Seema has acquired a full scholarship to Harvard University in Cambridge, Massachusetts. She was additionally accepted at Ashoka University, Middlebury College, and Trinity College. She is being groomed by an NGO, referred to as Yuwa that works particularly with women from impoverished households in rural Jharkhand.
Born and introduced up in Dahu village in Ormanjhi block close to state capital Ranchi, she completed her class XII via NIOS. She joined the youth soccer workforce on the NGO in 2012.
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Yet to finalise the topic
Seema is at the moment undecided about what her main will likely be, however she is considering pursuing 4-12 months undergraduate programme in Sociology or Women, Gender, and Sexuality Studies. “I plan to start an organisation for women in my village and studying these subjects will help me. My organisation will work to help women start small businesses that would train them to be financially independent. I also want to educate women about their rights and build a bigger network to support women by providing essential vocational skills and knowledge,” explains Seema who’s prone to go to the US in August.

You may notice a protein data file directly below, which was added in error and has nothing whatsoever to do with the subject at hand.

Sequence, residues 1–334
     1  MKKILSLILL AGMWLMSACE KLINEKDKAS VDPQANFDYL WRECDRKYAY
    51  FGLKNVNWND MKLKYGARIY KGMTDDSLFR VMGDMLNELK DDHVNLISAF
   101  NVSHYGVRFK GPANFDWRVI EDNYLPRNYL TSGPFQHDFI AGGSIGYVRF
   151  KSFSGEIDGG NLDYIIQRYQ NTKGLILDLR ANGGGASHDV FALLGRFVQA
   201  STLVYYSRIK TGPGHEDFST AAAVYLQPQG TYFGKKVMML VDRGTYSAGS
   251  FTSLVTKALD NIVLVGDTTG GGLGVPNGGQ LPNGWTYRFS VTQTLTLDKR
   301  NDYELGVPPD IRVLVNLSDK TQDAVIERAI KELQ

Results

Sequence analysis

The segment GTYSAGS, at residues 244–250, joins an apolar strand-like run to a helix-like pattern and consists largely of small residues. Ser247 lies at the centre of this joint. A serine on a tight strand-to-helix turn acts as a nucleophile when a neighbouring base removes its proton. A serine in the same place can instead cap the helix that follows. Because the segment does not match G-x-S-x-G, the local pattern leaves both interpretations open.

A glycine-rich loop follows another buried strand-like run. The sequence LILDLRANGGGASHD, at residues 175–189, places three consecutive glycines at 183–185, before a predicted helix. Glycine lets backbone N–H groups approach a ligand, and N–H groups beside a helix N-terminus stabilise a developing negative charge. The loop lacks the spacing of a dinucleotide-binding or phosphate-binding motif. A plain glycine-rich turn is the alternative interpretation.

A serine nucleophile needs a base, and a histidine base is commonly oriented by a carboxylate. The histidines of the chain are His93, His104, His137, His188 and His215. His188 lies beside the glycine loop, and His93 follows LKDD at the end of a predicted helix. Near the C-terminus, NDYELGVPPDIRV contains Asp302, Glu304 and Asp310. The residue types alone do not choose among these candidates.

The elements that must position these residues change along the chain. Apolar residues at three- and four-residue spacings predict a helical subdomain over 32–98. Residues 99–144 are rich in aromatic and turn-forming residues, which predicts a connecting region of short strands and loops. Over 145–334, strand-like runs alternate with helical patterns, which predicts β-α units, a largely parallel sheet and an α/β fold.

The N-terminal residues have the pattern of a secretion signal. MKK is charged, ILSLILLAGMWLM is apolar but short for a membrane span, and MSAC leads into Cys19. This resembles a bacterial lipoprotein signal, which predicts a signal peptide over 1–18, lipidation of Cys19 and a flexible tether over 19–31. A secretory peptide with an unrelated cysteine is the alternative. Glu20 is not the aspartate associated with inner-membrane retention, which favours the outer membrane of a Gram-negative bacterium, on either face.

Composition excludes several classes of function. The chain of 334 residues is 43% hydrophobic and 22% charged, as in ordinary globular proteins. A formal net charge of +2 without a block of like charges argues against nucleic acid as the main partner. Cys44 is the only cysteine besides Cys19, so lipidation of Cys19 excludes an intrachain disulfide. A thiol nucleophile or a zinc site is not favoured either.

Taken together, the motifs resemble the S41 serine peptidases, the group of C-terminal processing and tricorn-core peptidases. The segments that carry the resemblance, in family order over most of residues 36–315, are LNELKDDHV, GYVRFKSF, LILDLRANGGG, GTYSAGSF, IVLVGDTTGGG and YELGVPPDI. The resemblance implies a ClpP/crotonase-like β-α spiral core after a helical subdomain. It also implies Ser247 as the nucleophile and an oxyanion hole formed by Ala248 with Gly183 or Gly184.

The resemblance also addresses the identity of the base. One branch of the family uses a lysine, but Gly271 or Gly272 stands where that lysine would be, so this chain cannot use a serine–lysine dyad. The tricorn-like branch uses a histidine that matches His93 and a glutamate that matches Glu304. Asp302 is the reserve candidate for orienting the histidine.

No entry to training, know-how
“As a first-generation learner, I did not grow up reading books or having an access to educational material. My learning was more from the day to day life. For instance, participating in traditional farming, looking after cattle and livestock and nurturing nature” says Seema, who studied until class VII at native authorities college. Seema is flooded with messages on social media, ever since information about her success went viral.
Seema’s parents are completely satisfied however do not know a lot concerning the significance of Harvard scholarship. “My parents do not even know the name of this prominent global university and have no idea of what I have achieved,” she provides.
Guidance and help
The steering for faculty utility was supplied by lecturers at Yuwa. “I applied to many universities and included Harvard because of its stellar reputation and policy for meeting demonstrated financial need for admitted students,” she says.
Seema plans to return to India to work in direction of gender equality: “Gender equality is one thing that my village must develop socially. Sensitising the villagers will cut back injustices towards girls and instances of gender discrimination, home violence, youngster marriage and so forth. It would not solely present financial progress but additionally social growth where girls will likely be an element of resolution making at every home,” says Seema.